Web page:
Four years on from the acclaimed ‘English Electric’, Orchestral Manoeuvres In The Dark are preparing to release their difficult 13th album. It’s called ‘The Punishment Of Luxury’ and it’s full of surprises. Are you ready for a bit of bending?
“The music business is a selfish mistress,” declares Andy McCluskey. “It steals time off you, particularly at our age, when you’ve got kids and elderly parents who also need your attention. We’re lucky, though. We’re in a great position. It’s four years since our last album and we’ve been able to step back for a while. We spent a long time smelling the coffee and loving the people we love.”
It’s easy to forget to love the people we love. Which is why life has a habit of sending us little reminders. Or, in the case of Orchestral Manoeuvres In The Dark, a whopping great big reminder.
It happened in 2013, while they were touring their last album, ‘English Electric’. The record was received extremely positively – by both fans and critics – and the tour was pulling in good crowds when, completely out of nowhere, long-time OMD drummer Malcolm Holmes suffered a heart attack onstage during a gig in Toronto.
For Andy McCluskey and Paul Humphreys, who have known Malcolm since school, his muscial involvement going right back to proto-OMD bands Equinox and The Id, it was an earthquake-sized shock.
“To begin with, we weren’t quite sure what to do,” says Andy. “I mean, Malcolm survived, thank God he’s alive, but what happened to him made us stop and think, ‘Hmm, we need to get our work/life balance sorted out’.”
“We didn’t really do any music for about a year,” notes Paul. “We didn’t want to put any pressure on Malcolm, we wanted to give him a chance to recover, and like Andy says, we were lucky enough to be in a position to be able to step away from everything. After we released ‘History Of Modern’ in 2010, we questioned whether we wanted to make another album. The answer was yes, because we felt we still had something to offer, and the result was ‘English Electric’. The hiatus that followed Mal’s cardiac arrest prompted us to ask the question again… and we came up with the same answer.”
“It used to be album and tour, album and tour, pretty much every year,” sighs Andy. “We couldn’t do that now. We wouldn’t want to. As Paul says, we only want to release an album if we’ve got something to say and we’ve got an album’s worth of good material. If it takes a few years, then it takes a few years.”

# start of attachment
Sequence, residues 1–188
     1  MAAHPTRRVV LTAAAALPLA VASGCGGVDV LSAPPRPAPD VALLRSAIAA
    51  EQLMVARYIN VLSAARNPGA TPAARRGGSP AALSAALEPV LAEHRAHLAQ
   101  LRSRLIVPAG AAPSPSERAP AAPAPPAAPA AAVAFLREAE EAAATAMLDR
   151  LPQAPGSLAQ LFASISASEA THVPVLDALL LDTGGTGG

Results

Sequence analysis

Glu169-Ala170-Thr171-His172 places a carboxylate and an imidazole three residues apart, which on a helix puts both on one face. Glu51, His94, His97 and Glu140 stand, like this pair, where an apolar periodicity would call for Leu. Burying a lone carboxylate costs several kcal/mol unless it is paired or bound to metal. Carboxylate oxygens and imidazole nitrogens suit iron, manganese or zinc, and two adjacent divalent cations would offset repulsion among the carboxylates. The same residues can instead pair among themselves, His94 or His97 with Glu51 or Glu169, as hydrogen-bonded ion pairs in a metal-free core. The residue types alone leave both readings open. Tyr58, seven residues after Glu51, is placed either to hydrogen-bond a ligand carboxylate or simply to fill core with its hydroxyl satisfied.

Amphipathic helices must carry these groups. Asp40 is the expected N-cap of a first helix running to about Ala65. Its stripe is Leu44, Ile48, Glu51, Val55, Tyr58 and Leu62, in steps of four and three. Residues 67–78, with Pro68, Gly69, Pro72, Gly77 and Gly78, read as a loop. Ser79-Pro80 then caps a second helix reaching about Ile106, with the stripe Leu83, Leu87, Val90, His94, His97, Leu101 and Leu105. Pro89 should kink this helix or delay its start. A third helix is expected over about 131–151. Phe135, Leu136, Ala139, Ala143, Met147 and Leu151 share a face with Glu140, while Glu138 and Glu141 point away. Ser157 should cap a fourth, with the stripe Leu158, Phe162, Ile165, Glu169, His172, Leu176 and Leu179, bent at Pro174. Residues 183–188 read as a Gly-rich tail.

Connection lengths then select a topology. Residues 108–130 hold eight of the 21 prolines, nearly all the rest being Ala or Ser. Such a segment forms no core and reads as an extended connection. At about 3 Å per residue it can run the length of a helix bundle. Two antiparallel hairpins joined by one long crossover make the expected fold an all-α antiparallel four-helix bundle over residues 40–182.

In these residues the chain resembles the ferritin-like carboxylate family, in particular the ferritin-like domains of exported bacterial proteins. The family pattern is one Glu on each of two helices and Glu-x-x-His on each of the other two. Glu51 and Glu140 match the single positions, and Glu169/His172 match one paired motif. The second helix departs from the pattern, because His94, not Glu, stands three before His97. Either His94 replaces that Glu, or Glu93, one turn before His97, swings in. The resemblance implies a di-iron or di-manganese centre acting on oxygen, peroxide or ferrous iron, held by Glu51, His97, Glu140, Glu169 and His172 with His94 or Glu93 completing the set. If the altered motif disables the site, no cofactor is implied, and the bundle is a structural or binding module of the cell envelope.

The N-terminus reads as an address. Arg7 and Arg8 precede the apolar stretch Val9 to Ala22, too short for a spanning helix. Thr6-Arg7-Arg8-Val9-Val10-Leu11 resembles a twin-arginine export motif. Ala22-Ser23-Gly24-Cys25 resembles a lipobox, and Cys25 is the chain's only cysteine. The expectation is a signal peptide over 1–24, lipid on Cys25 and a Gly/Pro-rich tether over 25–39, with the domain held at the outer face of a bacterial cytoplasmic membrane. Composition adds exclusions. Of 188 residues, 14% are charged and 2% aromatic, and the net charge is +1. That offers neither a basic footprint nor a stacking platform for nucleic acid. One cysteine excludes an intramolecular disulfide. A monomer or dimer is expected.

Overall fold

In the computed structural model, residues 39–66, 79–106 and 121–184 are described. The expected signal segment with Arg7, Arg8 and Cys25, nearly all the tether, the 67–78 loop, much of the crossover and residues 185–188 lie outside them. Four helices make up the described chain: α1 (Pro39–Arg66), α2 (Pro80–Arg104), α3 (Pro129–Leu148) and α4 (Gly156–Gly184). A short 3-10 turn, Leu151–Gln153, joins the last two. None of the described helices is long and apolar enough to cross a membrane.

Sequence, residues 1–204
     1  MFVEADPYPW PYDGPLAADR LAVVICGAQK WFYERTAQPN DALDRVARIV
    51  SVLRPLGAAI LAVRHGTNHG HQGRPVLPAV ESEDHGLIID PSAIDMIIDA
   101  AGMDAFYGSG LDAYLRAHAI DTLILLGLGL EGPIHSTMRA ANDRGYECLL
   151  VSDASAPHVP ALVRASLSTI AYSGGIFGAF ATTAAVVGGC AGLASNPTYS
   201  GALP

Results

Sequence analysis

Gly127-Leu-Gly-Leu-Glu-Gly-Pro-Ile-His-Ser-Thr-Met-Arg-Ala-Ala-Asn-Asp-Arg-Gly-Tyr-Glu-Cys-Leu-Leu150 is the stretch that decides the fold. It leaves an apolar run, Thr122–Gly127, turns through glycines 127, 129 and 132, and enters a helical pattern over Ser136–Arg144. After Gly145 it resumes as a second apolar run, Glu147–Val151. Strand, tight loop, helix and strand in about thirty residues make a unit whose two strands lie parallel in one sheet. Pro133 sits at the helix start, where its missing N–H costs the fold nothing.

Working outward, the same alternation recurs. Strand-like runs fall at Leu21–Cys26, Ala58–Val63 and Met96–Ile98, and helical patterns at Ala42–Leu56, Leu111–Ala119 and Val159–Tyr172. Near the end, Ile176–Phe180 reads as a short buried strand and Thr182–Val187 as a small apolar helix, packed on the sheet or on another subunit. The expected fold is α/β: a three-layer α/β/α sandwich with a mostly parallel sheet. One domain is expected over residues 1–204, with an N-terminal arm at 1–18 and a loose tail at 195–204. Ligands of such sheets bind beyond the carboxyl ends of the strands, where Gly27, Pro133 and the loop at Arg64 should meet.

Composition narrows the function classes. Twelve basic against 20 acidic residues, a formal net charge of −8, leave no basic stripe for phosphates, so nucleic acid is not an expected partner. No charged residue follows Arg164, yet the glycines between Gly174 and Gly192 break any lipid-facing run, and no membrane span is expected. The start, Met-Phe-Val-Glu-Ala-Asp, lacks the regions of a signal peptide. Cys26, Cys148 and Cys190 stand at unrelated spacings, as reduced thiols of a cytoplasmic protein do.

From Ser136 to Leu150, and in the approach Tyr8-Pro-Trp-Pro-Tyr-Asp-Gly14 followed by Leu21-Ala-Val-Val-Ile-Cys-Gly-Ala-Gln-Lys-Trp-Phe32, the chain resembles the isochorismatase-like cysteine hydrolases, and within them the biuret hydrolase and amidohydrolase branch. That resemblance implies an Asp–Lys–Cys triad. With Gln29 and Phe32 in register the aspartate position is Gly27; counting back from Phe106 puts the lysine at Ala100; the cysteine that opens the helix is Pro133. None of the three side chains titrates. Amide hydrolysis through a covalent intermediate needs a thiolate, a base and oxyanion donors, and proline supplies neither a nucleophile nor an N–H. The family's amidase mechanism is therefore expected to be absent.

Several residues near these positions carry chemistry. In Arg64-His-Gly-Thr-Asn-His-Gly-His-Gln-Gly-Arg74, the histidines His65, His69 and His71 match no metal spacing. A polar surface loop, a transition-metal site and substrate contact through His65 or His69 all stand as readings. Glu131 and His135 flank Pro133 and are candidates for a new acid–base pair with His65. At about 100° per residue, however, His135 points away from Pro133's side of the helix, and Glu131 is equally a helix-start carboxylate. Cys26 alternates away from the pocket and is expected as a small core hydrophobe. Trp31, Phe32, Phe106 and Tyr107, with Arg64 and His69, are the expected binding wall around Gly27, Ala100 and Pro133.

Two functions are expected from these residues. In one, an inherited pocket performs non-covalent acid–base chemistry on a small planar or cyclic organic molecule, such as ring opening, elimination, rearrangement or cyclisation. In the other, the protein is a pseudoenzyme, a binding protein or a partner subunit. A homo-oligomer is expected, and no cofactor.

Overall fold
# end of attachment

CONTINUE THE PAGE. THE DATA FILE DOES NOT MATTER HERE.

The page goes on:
We’re sitting in Paul Humphreys’ studio in west London, a neat space tucked away down an alley behind an inauspicious wooden gate on one of the capital’s most popular cut-through roads. You’d never find it unless you knew it was there. Paul has lived in London for many years now and his flat is a short walk from here. You can see the black shell of Grenfell Tower from his kitchen window.
Andy still lives close to Liverpool, Orchestral Manoeuvres In The Dark’s home city. He has a studio in his house, so the pair of them spend quite a lot of time travelling between the two places. They tried sending each other files over the internet when they started working on ‘History Of Modern’, which was the first album they’d recorded together since ‘The Pacific Age’ in 1986, but it wasn’t an especially fulfilling experience. For the group’s brand new album, ‘The Punishment Of Luxury’, which will be hitting the shops in early September, they’ve opted for a more traditional methodology, just as they did for ‘English Electric’.
Paul: “You can’t replace two guys sitting in a room going, ‘I’ve got this idea’ and ‘How about if you changed that chord?’ and ‘What if you changed that note?’.”
Andy: “When we write a melody, we write it together. Paul will start off with an idea and I’ll be downstairs making tea or something, and then I’ll run in and say, ‘That bit’s good, keep that bit, hang on, I’ll be back, I’ll just go and put your sugar in’. And then we’ll talk and we’ll say, ‘That next phrase isn’t so good, but the third phrase, that’s great, let’s move that up to second’. By the end of it, we don’t know who’s done what. Paul will be playing and I’ll be going, ‘Up, down, no, yes, yes, that one, keep that one’. And then he’ll play something different again and I’ll say, ‘That’s it, that’s better, we’ve got it now’.”
Paul: “That’s how we worked in the 1980s. That’s how we’ve always done it and you really can’t beat it.”
The geographical distance between them isn’t the only complication, though.